The open house, which had refreshments catered by students from Berkshire High School’s Culinary Arts Program and their instructor Jon Newcomer, included an assembly. Among the speakers were Dr. James Baldwin, district superintendent for Questar III BOCES, which includes Columbia, Greene, and Rensselaer counties, who said that serving children with different needs in times of constrained budgets requires innovation. He called it “amazing” that the Columbia-Greene Partnership Academy had moved the project from proposal to operation in a single state legislative session. “It’s a great day,” said Dr. Baldwin.
Assemblyman Steve McLaughlin (R-107th) recalled rushing to Albany the last day of the legislative session to vote for the bill that facilitated the Bridge’s establishment. “That was, for me, the most satisfying bill of the session,” he said.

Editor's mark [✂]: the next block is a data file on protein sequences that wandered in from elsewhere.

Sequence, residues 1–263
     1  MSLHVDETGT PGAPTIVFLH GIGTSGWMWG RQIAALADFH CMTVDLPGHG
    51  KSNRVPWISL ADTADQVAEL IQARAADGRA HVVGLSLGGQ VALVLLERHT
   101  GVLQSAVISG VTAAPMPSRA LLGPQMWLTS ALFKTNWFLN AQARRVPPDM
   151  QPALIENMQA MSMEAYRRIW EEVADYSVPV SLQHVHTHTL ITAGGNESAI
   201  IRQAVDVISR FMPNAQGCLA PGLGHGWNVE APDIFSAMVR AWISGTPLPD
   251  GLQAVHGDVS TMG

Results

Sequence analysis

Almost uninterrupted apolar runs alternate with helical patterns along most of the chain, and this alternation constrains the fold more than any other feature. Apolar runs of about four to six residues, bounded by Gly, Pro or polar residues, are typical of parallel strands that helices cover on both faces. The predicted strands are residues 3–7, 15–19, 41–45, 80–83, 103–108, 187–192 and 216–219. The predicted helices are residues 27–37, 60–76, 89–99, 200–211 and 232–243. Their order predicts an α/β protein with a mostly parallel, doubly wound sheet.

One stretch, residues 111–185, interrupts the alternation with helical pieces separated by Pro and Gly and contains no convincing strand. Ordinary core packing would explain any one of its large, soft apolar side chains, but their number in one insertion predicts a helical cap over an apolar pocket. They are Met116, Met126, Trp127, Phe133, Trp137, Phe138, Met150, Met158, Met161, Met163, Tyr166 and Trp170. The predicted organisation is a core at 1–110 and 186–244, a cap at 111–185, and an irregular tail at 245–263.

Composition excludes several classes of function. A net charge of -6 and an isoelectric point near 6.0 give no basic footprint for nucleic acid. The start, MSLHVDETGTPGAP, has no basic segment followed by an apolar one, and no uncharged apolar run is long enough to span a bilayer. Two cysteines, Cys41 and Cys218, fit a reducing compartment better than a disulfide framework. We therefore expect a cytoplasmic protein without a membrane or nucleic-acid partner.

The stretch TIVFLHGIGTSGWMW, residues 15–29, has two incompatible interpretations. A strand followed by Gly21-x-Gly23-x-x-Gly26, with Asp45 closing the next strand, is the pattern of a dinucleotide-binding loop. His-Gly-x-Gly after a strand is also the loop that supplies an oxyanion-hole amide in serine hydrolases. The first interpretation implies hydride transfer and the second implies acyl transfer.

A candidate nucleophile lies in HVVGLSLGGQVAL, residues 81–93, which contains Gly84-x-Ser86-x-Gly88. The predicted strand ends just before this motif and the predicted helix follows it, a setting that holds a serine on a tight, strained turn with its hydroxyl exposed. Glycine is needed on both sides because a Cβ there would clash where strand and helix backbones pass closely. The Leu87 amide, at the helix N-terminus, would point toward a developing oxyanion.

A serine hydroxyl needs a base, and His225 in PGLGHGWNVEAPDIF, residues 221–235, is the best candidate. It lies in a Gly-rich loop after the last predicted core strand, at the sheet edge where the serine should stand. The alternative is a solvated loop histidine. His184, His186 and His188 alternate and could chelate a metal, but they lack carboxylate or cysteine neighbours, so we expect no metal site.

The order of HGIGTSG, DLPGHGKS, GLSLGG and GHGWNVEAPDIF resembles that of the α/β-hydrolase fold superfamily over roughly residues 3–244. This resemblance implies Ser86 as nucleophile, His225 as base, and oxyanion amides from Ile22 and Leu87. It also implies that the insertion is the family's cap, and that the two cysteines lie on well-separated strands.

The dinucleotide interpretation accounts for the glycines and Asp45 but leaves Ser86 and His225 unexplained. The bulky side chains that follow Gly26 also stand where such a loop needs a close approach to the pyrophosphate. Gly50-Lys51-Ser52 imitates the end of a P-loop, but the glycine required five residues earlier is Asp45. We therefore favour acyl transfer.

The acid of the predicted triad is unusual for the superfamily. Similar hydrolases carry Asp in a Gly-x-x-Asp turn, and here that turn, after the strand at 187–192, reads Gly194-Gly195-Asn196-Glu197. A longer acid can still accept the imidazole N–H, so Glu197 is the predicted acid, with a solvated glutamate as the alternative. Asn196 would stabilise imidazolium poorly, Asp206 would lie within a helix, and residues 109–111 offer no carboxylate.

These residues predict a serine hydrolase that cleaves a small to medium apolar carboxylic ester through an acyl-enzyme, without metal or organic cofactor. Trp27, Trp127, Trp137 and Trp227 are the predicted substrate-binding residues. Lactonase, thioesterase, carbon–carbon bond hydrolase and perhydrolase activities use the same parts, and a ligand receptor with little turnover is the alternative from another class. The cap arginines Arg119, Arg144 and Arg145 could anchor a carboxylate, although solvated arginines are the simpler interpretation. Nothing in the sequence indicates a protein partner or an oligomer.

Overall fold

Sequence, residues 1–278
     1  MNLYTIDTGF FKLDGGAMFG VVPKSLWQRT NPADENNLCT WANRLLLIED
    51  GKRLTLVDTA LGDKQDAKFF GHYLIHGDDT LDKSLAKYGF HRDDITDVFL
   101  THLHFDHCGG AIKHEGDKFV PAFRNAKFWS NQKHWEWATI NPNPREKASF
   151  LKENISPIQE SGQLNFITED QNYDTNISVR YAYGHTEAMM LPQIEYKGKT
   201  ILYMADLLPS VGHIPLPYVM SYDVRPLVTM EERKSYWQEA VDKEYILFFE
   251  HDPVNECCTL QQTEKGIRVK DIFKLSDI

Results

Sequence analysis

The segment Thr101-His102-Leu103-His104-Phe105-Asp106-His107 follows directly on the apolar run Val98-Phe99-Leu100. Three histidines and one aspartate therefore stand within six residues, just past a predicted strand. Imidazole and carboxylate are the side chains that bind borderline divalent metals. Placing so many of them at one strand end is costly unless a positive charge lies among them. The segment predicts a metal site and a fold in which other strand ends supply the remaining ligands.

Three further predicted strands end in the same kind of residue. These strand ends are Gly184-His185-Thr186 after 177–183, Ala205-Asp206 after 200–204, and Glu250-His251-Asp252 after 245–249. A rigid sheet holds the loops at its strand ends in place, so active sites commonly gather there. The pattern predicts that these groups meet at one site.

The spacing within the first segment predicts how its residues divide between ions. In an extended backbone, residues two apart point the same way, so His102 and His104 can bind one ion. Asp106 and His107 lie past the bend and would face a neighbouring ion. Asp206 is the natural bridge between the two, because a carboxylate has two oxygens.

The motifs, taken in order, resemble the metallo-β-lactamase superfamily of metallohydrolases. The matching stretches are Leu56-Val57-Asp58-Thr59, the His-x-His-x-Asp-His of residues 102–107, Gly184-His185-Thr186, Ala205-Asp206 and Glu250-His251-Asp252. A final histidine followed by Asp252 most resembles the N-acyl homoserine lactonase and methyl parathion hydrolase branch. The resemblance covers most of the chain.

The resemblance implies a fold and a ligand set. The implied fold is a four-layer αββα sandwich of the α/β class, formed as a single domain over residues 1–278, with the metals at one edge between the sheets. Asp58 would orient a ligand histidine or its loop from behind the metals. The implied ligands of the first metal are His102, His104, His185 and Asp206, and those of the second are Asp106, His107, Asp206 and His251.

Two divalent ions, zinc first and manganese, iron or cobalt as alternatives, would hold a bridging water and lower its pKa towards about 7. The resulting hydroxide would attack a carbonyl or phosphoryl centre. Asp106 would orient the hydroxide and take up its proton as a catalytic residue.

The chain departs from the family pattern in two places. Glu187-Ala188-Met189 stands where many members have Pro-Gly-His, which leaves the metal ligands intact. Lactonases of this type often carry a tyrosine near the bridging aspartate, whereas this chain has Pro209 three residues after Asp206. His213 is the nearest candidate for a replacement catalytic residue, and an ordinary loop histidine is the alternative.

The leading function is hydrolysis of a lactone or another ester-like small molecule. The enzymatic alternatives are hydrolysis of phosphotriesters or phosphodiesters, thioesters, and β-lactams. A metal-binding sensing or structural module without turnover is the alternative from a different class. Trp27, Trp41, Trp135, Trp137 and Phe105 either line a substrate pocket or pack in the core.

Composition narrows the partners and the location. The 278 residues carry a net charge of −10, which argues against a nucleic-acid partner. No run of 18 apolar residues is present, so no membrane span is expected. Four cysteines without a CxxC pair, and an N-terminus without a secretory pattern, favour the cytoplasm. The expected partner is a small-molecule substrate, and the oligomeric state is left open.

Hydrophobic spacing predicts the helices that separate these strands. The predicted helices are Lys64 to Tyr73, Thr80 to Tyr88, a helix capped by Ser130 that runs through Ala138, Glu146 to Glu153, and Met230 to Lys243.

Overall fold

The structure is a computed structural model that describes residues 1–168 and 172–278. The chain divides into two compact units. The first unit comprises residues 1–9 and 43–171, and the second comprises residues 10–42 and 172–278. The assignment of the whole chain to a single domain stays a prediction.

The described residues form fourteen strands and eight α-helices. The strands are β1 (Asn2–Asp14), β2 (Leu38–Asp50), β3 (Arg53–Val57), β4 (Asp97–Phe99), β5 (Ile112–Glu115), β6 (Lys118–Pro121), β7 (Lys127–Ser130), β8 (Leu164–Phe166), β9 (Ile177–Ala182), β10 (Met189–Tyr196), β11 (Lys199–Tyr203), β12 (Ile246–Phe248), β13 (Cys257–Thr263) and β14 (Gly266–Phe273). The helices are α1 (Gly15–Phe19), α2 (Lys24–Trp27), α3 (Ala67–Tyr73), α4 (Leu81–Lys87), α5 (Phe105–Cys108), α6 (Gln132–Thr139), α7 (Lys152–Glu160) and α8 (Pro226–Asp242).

State Senator Kathleen Marchione (R-43rd) said that the program had made “terrible sacrifices” to adjust to budget cuts and yet remained “devoted to educating” your youth. She was proud to have passed a law that helped provide “the right academic, social and emotional blend.”
Sen. Marchione emphasized that Hudson will save $60,000 annually by not transporting its day program students to Canaan.
Hudson Mayor William Hallenbeck called the opening “historic” and was sure Principal Gavin would be successful because, he said, “I have seen him successful before.”
Other speakers included State Assembly Members Didi Barrett (D-106th) and Peter Lopez (R-102nd).
Superintendents Dr. Kathleen P. Farrell of the Catskill Central School District, Maria Suttmeier of the Hudson City School District, and Bruce Potter of BUFSD received a large photograph of a bridge spanning a river with the caption “Be the Bridge.”